A death which in its odd and different way .............was that of Qu Qiubai. He could not depart on the Long March because at 36 he was dying of tuberculosis. Captured by the Kuomintang, before his execution he composed a testament, called "Some Superfluous Words," for which the orthodox have not forgiven him. Although expressing envy of the young who manned the barricades, he ended on a sardonic note, praising flowers, moonlight and factory chimneys, recommending ''Anna Karenina'' and ''The Dream of the Red Chamber,'' and stating, last of all, that ''the Chinese bean curd is the most delicious food in the whole world. Goodbye and farewell!''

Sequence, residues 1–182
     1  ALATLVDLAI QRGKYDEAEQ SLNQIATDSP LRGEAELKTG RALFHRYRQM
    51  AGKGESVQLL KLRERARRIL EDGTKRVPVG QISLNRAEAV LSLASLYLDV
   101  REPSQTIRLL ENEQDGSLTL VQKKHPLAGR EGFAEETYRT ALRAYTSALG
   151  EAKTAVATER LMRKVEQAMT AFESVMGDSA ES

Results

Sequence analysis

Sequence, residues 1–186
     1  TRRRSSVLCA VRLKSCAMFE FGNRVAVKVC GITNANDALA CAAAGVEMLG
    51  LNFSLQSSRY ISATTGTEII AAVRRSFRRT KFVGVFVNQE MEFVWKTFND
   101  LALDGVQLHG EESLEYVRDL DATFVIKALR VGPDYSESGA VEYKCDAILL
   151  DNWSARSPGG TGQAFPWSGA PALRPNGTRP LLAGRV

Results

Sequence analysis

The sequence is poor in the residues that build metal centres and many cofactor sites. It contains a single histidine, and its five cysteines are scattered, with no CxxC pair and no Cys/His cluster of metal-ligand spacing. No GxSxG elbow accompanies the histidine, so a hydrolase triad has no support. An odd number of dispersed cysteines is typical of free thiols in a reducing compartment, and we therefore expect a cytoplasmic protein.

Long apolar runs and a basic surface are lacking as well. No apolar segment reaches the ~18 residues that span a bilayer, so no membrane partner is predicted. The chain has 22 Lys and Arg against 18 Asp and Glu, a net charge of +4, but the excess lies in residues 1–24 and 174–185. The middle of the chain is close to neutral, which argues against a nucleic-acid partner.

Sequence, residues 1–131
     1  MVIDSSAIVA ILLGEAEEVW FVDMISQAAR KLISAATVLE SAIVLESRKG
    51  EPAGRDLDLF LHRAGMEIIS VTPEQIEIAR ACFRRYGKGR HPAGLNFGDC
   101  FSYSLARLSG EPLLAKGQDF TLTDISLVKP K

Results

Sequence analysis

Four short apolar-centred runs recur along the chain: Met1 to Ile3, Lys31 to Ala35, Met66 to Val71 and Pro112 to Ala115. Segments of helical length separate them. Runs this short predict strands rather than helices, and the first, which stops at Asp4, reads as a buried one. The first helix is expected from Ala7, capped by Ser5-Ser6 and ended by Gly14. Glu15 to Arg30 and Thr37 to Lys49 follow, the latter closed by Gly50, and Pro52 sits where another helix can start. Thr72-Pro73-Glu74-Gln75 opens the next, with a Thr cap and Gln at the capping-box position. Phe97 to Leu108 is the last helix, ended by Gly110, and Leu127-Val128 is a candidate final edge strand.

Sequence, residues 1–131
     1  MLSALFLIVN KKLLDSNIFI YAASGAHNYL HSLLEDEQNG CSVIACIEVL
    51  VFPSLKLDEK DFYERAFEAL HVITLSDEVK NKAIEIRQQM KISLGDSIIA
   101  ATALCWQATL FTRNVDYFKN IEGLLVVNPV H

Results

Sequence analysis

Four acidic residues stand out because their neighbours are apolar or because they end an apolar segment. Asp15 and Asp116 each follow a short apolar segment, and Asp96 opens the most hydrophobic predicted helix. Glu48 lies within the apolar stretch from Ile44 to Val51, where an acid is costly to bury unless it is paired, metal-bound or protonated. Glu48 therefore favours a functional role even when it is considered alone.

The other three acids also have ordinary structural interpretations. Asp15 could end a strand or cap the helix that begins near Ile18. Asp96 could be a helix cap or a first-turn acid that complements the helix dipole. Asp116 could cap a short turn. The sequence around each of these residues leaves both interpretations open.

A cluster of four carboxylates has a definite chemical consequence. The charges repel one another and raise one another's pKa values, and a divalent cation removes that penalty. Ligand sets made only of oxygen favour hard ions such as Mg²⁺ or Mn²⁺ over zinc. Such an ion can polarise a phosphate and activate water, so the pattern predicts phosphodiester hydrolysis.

From: David Lattimore, New York Times Book Review article on The Gate Of Heavenly Peace: The Chinese and Their Revolution, 1895-1980 by Jonathan Spence, published Sunday, October 18, 1981.
Note: I remember exactly what I was doing and where I was sitting at 149 Clinton Street, Brooklyn Heights, when I first read Qu Qiubai’s immortal tofu encomium. It was a stressful time (I hadn’t found a lawyer job yet to replace the position that unexpectedly fell apart during the summer), but I was younger, newly married and Sundays, reading the newspapers, relieved the stress, then.